These Overcertain Times: How Covid19 Killed Anti-Authoritarianism
“We have never sought power. We have sought to disperse power, to set men and women free. That really means: to help them to discover that they are free. Everybody’s free. The slave is free. The ultimate weapon isn’t this plague out in Vegas, or any new super H-bomb. The ultimate weapon has always existed. Every man, every woman, and every child owns it. It’s the ability to say No and take the consequences. ‘Fear is failure.’ ‘The fear of death is the beginning of slavery.’ “Thou hast no right but to do thy will.’ The goose can break the bottle at any second. Socrates took the hemlock to prove it. Jesus went to the cross to prove it. It’s in all history, all myth, all poetry. It’s right out in the open all the time.”
― Robert Anton Wilson, Leviathan
One of the most troubling aspects of the world during the last few months, for me, has been watching leftism and anti-authoritarianism slide towards gleeful acceptance of the burgeoning scientocracy. I believe that this has occurred for two reasons.
- People have become afraid, and in doing so sacrificed their own logic and ethics to satiate a misguided desire for safety and survival.
- The desire to disassociate with religion and its persona has led people to overly identify with scientific authorities, or at least what we are told of them and their work through corporate media. Many anarchists, left and right, are ideologically captivated by the realist/physicalist/positivist interpretations of reality that were born of Protestant philosophy, but now appear to belong to a secular worldview, chiefly because they provide an illusion of certainty that is easily weaponized rhetorically and ideologically. This makes them highly susceptible to coercion given a ‘scientific’ reasoning is involved.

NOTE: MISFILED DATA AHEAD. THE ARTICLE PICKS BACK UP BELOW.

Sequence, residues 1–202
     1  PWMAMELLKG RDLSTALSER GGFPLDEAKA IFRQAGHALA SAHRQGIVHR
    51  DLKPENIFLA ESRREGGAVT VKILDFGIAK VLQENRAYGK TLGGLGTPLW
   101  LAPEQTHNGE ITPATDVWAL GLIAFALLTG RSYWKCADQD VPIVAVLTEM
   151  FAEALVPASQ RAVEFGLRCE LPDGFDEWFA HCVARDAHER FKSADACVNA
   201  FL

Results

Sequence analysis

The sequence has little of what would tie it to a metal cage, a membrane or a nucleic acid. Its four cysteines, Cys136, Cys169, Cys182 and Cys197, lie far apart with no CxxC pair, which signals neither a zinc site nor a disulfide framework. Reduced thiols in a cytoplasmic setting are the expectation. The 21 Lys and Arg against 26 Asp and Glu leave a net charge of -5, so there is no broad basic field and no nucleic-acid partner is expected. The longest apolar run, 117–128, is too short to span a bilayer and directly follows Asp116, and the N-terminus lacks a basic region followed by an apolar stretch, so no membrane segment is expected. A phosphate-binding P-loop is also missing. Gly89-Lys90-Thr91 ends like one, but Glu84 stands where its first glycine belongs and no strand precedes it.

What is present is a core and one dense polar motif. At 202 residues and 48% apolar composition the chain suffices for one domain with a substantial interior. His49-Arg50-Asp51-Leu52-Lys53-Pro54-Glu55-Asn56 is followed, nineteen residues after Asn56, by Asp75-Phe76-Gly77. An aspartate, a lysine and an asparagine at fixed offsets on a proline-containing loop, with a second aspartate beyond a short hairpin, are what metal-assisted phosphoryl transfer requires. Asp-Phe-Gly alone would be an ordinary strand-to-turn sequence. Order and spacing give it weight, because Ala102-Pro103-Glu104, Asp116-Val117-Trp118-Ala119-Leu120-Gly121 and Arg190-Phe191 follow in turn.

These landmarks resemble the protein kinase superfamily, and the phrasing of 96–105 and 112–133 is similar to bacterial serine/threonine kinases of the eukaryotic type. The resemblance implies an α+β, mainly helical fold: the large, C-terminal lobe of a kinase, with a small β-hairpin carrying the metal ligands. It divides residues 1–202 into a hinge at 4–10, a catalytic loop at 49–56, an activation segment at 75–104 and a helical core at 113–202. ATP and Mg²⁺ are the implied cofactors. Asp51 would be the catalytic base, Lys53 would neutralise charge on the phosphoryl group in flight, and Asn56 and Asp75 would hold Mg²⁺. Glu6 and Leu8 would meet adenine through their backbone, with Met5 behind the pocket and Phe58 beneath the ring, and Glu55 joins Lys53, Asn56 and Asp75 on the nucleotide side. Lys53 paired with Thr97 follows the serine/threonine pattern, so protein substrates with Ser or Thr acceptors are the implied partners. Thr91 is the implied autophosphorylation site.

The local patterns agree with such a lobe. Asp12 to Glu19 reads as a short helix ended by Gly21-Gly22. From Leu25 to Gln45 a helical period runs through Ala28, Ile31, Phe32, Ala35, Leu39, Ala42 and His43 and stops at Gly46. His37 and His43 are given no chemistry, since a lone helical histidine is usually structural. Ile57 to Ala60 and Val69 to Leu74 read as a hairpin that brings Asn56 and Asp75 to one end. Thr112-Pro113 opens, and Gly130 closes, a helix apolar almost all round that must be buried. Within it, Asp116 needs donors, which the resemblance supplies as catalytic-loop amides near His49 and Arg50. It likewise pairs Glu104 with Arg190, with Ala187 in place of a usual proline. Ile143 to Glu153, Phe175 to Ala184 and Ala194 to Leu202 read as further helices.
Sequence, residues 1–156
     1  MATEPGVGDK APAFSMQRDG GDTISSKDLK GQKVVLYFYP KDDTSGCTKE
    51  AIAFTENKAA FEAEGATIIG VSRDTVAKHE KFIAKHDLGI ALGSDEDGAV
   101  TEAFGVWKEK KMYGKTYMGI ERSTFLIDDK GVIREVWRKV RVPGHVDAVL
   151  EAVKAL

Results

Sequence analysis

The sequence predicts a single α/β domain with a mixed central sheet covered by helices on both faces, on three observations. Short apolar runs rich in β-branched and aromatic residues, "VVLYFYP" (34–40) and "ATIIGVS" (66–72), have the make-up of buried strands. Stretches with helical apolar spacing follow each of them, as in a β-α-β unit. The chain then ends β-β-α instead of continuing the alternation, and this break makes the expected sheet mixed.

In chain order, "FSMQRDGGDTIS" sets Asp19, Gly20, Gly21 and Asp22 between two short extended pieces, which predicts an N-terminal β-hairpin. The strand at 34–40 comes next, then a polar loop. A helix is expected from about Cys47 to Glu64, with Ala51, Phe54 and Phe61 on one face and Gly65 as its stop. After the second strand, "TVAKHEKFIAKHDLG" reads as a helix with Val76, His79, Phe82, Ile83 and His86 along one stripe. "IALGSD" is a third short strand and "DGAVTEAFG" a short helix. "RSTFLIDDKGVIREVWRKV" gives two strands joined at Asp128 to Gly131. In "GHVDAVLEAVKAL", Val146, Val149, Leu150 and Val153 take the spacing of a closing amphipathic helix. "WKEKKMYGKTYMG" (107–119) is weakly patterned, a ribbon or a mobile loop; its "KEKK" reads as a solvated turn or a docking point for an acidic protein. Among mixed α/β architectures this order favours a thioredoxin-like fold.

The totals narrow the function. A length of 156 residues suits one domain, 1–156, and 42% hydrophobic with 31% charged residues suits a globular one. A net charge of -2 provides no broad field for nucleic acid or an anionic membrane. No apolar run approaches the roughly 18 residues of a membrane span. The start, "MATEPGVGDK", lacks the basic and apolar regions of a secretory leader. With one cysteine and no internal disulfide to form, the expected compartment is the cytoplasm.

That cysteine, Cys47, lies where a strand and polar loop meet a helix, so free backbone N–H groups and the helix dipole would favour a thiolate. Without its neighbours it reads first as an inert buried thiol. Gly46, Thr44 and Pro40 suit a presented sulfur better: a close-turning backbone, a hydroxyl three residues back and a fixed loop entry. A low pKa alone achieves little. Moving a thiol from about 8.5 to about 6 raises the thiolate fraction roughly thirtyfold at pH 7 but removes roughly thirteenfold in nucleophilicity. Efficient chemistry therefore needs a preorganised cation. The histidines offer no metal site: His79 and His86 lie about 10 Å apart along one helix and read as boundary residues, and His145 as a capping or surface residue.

Each of these issues has been exacerbated by a habit we have picked up, via the particular psychology evolved from online media interactions, of seeking first and foremost to capitulate towards things which most closely symbolize that which affirms our identity. This has always been somewhat true, but the specific characteristics of online media have inexorably shaped humanity in such a way that our image games of affirmation and negation now take inordinate priority over our principles. That is to say, principles now temporarily serve an image gesture, and are no longer the core basis for ideas, actions or identity.
It is difficult to explain this semiotic, psychological mess we are in, but it is simple to see its consequences, especially during the last several months of the coronavirus.
- The Great Flip Flop: Both mainstream and radical factions of the right and left have reversed their logical and ethical positions. For example, the left argued tirelessly for years that quality of life was to be a greater consideration than its mere quantity, particularly for justifying abortion, but also elsewhere. The very same people are now glibly applauding the authoritarian actions which will destroy our quality of life for many years to come in the name of quantity. There are numerous examples of similar ideological switcheroos on all points among the political spectrum.